It’s strange to think that today is the 2 year anniversary of my ordination! Two years with you all here in Perkasie, at St Andrew’s. Two years is not so long a time. Pretty short, I guess, if you think about it, but I hope you’ll forgive me for saying it, but gosh has it felt long! These have been 2 full years of getting my feet wet in ministry! And then Covid wave #1. And then Covid wave #2, and Maddy my wife being pregnant, and Simone’s birth. Even Easter, back in April, feels like eons ago! Time is a funny thing, I think.
We divide our days into hours, and hours into minutes, it should all feel even—it should all feel the same. And yet it doesn’t. Time bends and moves. Time has texture like fabric. We say we’ve had a “rough” time or a “smooth” time. We have all kinds of curious expressions about time that point out how funny it is. Time “flies” when you’re having fun, we say. Time “gets away” from us, which is weird. Or it felt as though time “stood still.”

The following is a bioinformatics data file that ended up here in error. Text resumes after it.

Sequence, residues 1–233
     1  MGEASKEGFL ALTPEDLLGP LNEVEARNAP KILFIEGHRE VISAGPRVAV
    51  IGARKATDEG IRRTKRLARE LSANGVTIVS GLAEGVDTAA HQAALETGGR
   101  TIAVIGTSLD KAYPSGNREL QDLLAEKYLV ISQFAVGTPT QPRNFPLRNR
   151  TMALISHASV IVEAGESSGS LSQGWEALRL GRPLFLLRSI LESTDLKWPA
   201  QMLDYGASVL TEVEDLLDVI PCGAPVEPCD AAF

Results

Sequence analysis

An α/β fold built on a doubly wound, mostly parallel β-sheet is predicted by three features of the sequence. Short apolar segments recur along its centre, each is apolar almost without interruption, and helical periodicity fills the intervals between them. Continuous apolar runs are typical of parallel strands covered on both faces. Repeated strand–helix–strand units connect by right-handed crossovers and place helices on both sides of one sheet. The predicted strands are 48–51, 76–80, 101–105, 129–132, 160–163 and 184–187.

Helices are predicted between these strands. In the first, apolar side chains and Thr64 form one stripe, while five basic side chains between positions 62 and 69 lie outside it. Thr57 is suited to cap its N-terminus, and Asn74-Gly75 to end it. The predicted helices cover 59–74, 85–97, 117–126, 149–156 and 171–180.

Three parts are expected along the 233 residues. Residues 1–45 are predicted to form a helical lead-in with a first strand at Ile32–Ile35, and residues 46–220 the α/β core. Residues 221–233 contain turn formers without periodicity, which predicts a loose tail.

All of our readings from Holy Scripture today are about time. For God time is nothing. God is not limited by our experience of time. The author of 2nd Peter says for God 1000 years is a day, and a day is 1000 years. All of what we call time, all the actions and events of God’s universe from beginning to ending, are open in God’s hands.
Everything is naked before God’s eternal and unblinking gaze, but time for us is nothing like that, no way. We live in a world of beginnings and endings, of causes and effects, of lost pasts and distant futures. As Isaiah writes for us today, we are like grass and flowers: blooming shortly, fading quickly. The author of 2nd Peter is reminding his listeners that for us an end comes. A cosmic end to things as we know it.
And in Mark we have talk of beginnings. “The beginning of the good news of Jesus Christ, the Son of God.” As we started the Advent season we started a new Gospel as well. And this year we have the Gospel of Mark. And here is the beginning of it, there’s no birth story in Mark: we start with John the Baptist out in the wilderness.
What does it mean to dwell in our world of beginnings and endings, knowing that God is locked away in God’s eternity? That seems kind of lonely. Well. The story of Jesus, is the story of God crossing over. In Christ we believe that we share in God’s eternity. And this sharing comes in strange and exciting ripples that shiver and sparkle through the material of time.